“They want a voice, but they feel they have no voice,” Martinez said, saying they workers face low pay and difficult, and again, sometimes dangerous working conditions.

“It’s slave labor,” Juan Jose added, garnering agreement in the room.
The group also said that the wages and attitudes towards the H-2A visa workers trickles down to longtime farmworkers. Referring to H-2A workers as “contract workers,” they said bosses on farms, ranches, etc., might change the rate for a day’s work from a previously set price. Established workers might expect one rate, but because there are “contracted workers” available, that rate is diminished sometimes drastically.

“You are told either take that rate or leave,” Juan Jose said. “Because they know there are (H-2A) workers who have to take the lower rate.”
It’s difficult to find jobs when bosses can hire people at lower rates, Elizabeth said. She added because there is no cap on the number of H-2A visas, there is no accounting for how many guest workers might come in for jobs.

The group does not fault those who enter on the guest visa because they understand the necessity of coming to work in the United States. They, along with those workers, came to America seeking better living wages and conditions. But they have also seen, while they have papers for legal residency, it does not seem to always help in gaining employment. Not when there are contract workers available who are charged to do the job at a lower rate.

But without a voice and legislation to protect farmworkers, whether established here in the United States or as a guest worker, those who tend the fields can be prone to work abuses. And that lack of negotiation of working rates can trickle down to other industries, such as landscaping and construction.

WORKING TO GAIN A VOICE

The Farmworker Association of Florida has several offices across Florida, including its headquarters in Apopka, Pierson, Homestead, Immokalee and Fellsmere. Martinez explained her office works toward pesticide safety and environmental health, immigrants’ and workers’ rights, civic engagement and civic participation and the Campesinos’ Gardens.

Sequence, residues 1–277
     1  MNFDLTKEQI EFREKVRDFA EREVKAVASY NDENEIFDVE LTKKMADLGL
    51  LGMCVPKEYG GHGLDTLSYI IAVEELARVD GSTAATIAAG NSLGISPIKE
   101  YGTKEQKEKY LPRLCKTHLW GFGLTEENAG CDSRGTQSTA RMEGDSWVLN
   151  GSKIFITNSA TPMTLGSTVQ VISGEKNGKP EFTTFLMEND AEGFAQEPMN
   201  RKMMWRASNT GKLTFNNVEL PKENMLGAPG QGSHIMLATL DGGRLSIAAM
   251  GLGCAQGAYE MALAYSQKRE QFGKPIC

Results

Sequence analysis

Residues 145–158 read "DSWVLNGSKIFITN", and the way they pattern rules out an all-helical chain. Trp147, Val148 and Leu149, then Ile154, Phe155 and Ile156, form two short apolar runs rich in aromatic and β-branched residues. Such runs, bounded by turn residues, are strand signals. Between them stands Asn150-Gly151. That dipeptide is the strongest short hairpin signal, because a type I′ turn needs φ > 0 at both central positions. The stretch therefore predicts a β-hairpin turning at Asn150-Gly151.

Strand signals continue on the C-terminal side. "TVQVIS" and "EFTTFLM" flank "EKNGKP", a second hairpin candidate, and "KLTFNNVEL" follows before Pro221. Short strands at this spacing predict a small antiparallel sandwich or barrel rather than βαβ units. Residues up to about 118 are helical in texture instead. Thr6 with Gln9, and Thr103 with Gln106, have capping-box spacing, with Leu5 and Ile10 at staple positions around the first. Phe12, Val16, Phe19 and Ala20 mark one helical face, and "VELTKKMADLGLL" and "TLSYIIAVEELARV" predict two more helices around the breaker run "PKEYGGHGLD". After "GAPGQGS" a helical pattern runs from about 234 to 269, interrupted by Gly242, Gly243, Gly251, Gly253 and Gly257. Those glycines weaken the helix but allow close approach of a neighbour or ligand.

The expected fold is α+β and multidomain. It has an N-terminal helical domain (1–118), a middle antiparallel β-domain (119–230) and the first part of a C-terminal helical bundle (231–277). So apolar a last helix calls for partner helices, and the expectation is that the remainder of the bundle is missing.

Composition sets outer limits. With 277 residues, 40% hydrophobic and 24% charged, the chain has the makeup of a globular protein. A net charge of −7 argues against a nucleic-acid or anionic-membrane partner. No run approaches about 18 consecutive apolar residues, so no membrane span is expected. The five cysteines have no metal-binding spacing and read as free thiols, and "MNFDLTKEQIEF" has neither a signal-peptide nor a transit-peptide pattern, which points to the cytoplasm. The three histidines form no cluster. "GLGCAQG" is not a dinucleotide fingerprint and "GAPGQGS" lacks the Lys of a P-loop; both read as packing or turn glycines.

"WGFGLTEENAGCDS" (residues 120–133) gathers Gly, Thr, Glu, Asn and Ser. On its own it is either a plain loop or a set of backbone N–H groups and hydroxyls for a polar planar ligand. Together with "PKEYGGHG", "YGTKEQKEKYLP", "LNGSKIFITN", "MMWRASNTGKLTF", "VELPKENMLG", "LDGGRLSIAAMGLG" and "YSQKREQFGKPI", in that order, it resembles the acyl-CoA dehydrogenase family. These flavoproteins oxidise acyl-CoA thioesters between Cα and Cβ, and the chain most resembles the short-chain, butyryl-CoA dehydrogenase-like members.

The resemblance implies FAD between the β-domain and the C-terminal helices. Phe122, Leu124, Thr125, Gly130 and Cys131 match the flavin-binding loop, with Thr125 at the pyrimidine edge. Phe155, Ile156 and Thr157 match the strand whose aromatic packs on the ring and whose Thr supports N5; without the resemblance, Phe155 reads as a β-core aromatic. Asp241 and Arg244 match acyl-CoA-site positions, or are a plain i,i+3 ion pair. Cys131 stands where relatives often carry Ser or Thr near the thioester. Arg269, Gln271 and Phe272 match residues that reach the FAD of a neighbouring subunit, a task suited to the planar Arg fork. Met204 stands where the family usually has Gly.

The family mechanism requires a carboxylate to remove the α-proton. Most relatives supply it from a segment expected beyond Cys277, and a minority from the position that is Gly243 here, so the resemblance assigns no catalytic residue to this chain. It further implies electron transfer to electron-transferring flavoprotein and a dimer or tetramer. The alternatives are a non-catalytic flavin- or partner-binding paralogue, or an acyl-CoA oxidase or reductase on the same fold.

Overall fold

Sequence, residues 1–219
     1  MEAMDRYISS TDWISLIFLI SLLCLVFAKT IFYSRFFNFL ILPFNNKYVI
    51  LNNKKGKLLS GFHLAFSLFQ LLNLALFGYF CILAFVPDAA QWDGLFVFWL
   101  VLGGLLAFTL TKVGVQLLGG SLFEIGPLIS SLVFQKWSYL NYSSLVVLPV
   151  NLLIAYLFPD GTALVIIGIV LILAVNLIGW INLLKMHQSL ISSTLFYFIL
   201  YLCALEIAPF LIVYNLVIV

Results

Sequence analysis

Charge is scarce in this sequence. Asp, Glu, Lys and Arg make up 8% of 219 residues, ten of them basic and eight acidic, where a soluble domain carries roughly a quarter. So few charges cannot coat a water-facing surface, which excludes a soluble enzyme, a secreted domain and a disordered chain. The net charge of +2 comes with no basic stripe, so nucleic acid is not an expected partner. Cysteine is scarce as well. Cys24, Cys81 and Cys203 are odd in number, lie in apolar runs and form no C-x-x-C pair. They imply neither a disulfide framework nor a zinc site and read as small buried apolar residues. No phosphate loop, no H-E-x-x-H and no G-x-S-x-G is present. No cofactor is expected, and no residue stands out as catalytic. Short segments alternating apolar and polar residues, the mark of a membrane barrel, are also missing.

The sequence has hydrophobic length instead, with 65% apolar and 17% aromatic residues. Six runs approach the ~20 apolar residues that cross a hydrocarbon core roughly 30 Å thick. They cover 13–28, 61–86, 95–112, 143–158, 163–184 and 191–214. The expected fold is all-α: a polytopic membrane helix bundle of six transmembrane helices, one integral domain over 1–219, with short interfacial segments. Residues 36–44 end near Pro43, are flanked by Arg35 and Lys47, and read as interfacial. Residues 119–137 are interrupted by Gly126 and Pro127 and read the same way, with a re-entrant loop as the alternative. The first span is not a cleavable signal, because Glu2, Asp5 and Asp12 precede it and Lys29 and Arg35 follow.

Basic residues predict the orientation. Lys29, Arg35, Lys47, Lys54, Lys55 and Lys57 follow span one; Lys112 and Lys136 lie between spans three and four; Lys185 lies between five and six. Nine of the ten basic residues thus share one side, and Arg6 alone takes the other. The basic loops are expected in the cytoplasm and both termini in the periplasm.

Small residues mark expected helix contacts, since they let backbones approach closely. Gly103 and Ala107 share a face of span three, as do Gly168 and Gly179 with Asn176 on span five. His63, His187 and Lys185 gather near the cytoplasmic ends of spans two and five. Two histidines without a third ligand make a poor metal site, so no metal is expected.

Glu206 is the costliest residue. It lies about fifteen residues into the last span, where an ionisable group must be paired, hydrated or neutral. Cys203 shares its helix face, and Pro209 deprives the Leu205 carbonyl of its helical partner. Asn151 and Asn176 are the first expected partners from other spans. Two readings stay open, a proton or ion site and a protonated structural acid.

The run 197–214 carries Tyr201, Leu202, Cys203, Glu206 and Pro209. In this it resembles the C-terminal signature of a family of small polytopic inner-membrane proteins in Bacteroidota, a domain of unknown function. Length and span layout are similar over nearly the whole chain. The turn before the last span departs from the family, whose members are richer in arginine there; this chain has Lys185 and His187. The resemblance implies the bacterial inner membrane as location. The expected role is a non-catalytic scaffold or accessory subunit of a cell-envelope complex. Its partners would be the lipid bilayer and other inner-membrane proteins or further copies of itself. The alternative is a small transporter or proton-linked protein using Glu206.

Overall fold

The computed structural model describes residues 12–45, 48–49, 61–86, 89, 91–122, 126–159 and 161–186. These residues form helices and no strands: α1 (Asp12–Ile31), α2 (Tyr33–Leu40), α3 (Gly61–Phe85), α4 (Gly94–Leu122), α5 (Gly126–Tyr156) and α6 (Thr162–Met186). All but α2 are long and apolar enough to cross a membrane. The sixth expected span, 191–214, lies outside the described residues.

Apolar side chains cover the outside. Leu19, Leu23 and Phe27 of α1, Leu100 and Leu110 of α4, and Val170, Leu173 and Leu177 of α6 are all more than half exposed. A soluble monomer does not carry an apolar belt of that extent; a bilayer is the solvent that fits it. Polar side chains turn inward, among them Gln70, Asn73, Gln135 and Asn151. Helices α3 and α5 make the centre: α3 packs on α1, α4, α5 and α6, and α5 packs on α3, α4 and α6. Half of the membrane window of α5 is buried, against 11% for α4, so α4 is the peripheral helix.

One of the reasons the gardens started in 2011 was to offer local farmworkers to tend to a garden and reap the fruits and vegetables of their labors. The dragonfruit Guillermina spoke about in the interview brought a smile to her face, but it can sell for $6 to $8 per pound. Fruits such as grapes much be picked by farmworkers but at $2, $3, or $4 per pound, those same workers cannot eat them, Martinez said. 

That is why working to give farmworkers a voice is such a critical part of the association’s mission. Martinez said the association works at convincing lawmakers through education and awareness to provide critical legislation that benefit farmworkers, such as an appropriate heat stress bill, bills that address hazards of working with chemicals, especially for pregnant women in the fields. There is a need for farmworker voices in local government
“Eighty-nine percent of the population in Fellsmere is Hispanic,” Martinez said, adding many of whom work or have worked in agricultural work. “Guess how many Hispanics are in local government? None.”

It is for that very reason that organizing workers as a means to both educate them and empower them. On one wall of the office are quilt squares created by children of farmworkers that entail dangers pesticides pose for workers and consumers. As one square states, as translating from Spanish to English, “How wonderful it would be if the fruits that I take home are without chemicals or pesticides. It’s a great progress for our life, and a universal achievement.” Another child included words that highlight worker needs: wear long shirts and pants to protect from pesticides and the sun; have water available to drink; have eyewear available; and have masks and gloves available when using chemicals. When possible, Martinez shares this artwork with local and state legislators.

“The children understand these messages, and so should lawmakers and community members,” Martinez said. 

None of these messages or topics discussed by the farmworkers involve new experiences. Whether their experiences in the fields are a few years or a few decades, they know working for the rights of a just wage and a safe working environment is an age-old and ongoing situation. 

And when asked what they hope people who are not in the fields understand about farmworkers and their lives, Guillermina seemed to grasp the sentiment of the group.

“Let (readers) know we are to know we are human beings. We all have the same blood,” she said. “The only difference between us and them are those numbers — Social Security numbers.”

And while it might be thought not all farmworkers have papers, that is not always true. While there are workers who crossed the border without documentation, there are also workers who are working towards getting papers or possess them. Those are immigration issues Martinez and other staffers help support in their office. But regardless of a person’s status, the brings up an issue that Martinez emphatically shares. 

“People without documents should not be called illegals,” she said. “They are undocumented immigrants. No person is illegal.”